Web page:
“Yeah, certain death is so much fun.”
The 2017 film ‘Anna and the Apocalypse‘ proves that “zombies” and “Christmas musical” are, not surprisingly, a wondrous fit. Crafting a fresh, impactful, and festive celebration of all things apocalypse.
Director John McPhail and the tremendous cast and crew deserve a big shout out for all the creativity on display. A showcase fueled on big Hollywood styled dance numbers, effective zombie effects, and memorable hook-filled music (courtesy of Roddy Hart and Tommy Reilly).
At the heart of the show is Ella Hunt as titular teenage heroine “Anna” in what deserves to be her big break. Seamlessly blending pathos, humor, and angst into a character we quickly fall in love with. And her singing and dancing is great.
Able bodied support from Malcolm Cumming as Ella’s stuck in the friend zone BFF “John” and fellow players Christopher Leveaux, Ben Wiggins, Marli Slu, Mark Benton, and Paul Kaye. A special nod to Sarah Swire who pulls double-duty as both cast member and dance choreographer.
Plotwise, it’s fairly paint by numbers zombie apocalypse fare. Ella and her friends are stuck at various locations around their quaint Scottish town when a pandemic is unleashed across the world. And now everyone is just trying to get to the ones they love and, hopefully, survive the onslaught of recently created undead blocking their way.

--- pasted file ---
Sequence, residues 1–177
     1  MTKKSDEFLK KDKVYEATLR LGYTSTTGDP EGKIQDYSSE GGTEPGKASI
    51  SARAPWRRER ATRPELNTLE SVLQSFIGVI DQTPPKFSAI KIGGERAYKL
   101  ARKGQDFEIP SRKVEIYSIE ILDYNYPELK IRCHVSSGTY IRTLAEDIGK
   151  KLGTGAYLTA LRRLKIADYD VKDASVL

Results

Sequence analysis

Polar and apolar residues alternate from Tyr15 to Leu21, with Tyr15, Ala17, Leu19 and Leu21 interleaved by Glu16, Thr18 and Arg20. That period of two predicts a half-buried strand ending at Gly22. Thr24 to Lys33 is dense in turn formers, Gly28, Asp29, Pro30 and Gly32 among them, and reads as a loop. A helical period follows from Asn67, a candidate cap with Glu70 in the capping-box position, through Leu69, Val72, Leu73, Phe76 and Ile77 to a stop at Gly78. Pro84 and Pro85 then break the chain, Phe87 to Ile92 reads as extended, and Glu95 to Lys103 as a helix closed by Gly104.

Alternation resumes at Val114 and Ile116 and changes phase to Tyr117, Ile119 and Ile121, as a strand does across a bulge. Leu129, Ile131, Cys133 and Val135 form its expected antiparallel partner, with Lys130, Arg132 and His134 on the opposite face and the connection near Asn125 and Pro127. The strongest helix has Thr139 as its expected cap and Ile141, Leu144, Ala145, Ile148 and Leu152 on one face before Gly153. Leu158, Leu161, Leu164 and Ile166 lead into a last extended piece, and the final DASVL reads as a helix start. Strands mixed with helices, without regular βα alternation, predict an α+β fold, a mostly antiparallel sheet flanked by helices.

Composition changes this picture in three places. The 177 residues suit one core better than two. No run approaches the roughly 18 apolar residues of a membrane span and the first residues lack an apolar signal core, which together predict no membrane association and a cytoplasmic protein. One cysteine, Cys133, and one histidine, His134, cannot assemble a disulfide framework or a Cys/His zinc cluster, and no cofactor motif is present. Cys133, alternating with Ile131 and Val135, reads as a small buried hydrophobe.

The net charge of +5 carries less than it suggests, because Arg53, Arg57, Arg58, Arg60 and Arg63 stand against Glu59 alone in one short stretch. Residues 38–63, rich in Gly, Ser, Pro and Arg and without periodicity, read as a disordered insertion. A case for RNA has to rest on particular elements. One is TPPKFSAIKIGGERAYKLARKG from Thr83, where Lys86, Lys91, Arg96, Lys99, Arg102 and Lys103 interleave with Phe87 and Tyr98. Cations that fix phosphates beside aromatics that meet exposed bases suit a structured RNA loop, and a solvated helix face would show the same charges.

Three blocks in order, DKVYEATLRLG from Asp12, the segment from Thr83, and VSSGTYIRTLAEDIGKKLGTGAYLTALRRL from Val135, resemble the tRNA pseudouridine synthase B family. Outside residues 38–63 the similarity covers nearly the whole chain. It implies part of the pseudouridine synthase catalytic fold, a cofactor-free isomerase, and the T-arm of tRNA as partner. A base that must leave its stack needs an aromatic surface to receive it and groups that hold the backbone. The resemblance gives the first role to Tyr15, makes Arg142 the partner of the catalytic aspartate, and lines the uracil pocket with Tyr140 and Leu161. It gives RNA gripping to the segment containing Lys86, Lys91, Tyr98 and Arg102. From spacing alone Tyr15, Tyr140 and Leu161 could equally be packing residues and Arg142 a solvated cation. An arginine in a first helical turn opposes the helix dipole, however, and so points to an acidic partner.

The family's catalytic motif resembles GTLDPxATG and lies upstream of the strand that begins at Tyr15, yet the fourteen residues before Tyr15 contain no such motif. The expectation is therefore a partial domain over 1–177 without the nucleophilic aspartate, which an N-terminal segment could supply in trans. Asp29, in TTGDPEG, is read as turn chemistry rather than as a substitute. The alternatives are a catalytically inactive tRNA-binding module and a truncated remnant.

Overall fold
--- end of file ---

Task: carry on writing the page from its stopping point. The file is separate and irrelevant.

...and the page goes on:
There’s a few notable scares, some laugh out louds, and an appropriate amount of tragedy and heartache to reflect the eminent threat. However, the hook is the musical numbers–and they’re a pure joy. Think ‘La La Land‘ fantasy blended into ‘Shaun of the Dead’ gore and humor.
Some structure and flow problems exist, however. As not only does the best song and dance occur pre-apocalypse, but, the most profound character beats resolve about 30 minutes too early; leaving the ending more than just a little anticlimactic. And, at times, plot/character logic feels forced. However, these are minor complaints.
‘Anna and the Apocalypse‘ is an energetic, gorified, and heartfelt Xmas romp through high school at the end of the world. Reinforcing the notion that the horror musical, if done right (i.e. ‘Sweeney Todd’ and ‘Repo! The Genetic Opera’), can be a thing of true cinematic beauty.